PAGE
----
<offramp: In German society he would have been expected to show huge respect to his elders, especially considering that Lasker was a young Jew and Curt von Bardeleben was a <KWASCHCHARPS>: A Known White Schachspeiler Christian Aristocratic Potential Suicide LOL.>

I'm surprised the newspaper article wasn't entitled "So wird Judenschach gespielt!". Anyway, it was nothing for Bardeleben to go throwing himself out of a window about, a gesture through which he was promoted to SQUASHEDCORPSE in memoria eterna.

Aug-04-17
Premium Chessgames Member
  Sally Simpson: Hi C.H.C.


click for larger view

21.e5 Kh6 allows 22.exd6 when the win, if it is there at all, becomes very problematic.

To keep winning chances Black has to play 21...Be7 or 21...Bxe5 both require a few deft moves. Not beyond a later Lasker's capabilities. He just chose an importune moment to go for a walk.

Aug-04-17
Premium Chessgames Member
  ChessHigherCat: <Sally: 21.e5 Kh6 allows 22.exd6 when the win, if it is there at all, becomes very problematic.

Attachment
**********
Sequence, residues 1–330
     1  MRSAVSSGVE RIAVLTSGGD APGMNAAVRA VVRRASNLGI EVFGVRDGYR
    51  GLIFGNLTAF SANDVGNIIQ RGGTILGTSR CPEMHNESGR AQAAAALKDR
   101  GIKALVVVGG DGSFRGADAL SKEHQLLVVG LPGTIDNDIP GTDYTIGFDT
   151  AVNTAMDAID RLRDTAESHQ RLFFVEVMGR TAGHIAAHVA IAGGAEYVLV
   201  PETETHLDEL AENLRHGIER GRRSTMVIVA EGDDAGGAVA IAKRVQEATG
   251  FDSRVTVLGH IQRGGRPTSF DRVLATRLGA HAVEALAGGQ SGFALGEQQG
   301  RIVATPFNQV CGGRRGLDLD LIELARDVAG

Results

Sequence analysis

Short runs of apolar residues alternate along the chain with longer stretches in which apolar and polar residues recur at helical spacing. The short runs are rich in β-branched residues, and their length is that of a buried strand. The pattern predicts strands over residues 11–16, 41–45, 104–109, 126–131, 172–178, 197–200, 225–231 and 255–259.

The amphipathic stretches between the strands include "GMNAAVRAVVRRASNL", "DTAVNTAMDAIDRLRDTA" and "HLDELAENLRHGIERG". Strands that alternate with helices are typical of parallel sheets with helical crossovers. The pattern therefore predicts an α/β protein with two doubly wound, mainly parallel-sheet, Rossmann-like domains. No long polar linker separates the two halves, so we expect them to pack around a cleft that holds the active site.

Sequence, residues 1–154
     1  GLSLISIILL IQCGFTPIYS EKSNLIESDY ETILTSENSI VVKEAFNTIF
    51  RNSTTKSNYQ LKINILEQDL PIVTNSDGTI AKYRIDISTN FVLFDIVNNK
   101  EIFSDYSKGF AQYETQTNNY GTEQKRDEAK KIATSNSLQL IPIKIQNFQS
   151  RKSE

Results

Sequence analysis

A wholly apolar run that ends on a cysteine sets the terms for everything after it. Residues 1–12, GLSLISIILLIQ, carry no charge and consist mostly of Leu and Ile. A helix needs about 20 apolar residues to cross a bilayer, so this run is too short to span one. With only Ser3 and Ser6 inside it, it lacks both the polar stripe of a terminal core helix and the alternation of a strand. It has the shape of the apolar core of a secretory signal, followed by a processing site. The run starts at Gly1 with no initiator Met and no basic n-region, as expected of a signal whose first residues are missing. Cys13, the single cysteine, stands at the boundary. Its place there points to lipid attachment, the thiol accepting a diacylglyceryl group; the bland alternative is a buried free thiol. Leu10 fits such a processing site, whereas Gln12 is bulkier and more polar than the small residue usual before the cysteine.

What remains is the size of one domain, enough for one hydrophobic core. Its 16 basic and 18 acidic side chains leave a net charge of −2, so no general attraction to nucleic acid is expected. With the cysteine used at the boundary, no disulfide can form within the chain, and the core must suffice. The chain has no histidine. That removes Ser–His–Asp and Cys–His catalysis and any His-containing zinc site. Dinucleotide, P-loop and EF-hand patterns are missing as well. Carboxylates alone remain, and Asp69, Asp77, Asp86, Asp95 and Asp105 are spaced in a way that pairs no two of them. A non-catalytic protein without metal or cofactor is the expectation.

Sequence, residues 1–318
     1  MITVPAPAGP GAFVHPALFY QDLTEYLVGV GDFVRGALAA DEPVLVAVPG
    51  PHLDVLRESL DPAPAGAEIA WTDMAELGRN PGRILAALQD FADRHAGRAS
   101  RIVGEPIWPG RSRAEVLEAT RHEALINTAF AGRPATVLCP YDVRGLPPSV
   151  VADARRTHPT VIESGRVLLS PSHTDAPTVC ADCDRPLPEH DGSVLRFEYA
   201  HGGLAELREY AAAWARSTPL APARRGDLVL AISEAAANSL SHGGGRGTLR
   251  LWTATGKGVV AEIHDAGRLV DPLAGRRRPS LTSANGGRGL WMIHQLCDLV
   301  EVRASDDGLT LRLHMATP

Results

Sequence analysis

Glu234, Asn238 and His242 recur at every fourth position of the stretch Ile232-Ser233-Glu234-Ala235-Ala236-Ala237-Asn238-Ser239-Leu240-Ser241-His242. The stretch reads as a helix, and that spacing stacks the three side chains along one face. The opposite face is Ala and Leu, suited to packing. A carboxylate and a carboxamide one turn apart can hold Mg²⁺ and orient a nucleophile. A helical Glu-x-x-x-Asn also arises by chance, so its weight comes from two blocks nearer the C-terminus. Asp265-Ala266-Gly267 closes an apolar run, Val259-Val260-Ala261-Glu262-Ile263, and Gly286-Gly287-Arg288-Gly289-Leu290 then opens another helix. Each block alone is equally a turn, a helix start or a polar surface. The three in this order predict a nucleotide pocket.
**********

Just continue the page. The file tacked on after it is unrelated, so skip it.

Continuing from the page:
To keep winning chances Black has to play 21...Be7 or 21...Bxe5 both require a few deft moves. Not beyond a later Lasker's capabilities. He just chose an importune moment to go for a walk.>

I fail to see the point if you're trying to support the accusations of cheating. Look, either

I) L anticipated 21. e5 (as you say a *later* Lasker could have done, which suggests by negative implication that L. was incapable of doing so during this game) or else, like me,

II) he overlooked the e5 line but saw the obvious threat of Qg4

The formula for calculating the probabilities of Lasker cheating would be something like this:

a) Prob. of case I) (he saw e5 line) = 50%

b) Prob. that he would need to cheat to find a reply = 50% (at most)

c) Prob. that he had ready means of "cheating" at his disposal in a highly supervised building which must have been full of guards and spies since the Emperor was present = 25% at best

d)Prob. that L intended to make use of such means and did so: let's assume the Austrian antisemite's malicious figure of 90% for the sake of argument

50% * 50% * 25% * 90% = Probability of cheating of 0.056 or about 1 about 1 in 18, hardly beyond a reasonable doubt.

Now let's look at case II:

a) Probability that he overlooked the e5 line but saw the obvious threat of Qg4: 50%

b) Probability that he would need to cheat in order to find the reply h8: 2%

c) same as above: 25%

d) same as above: 90%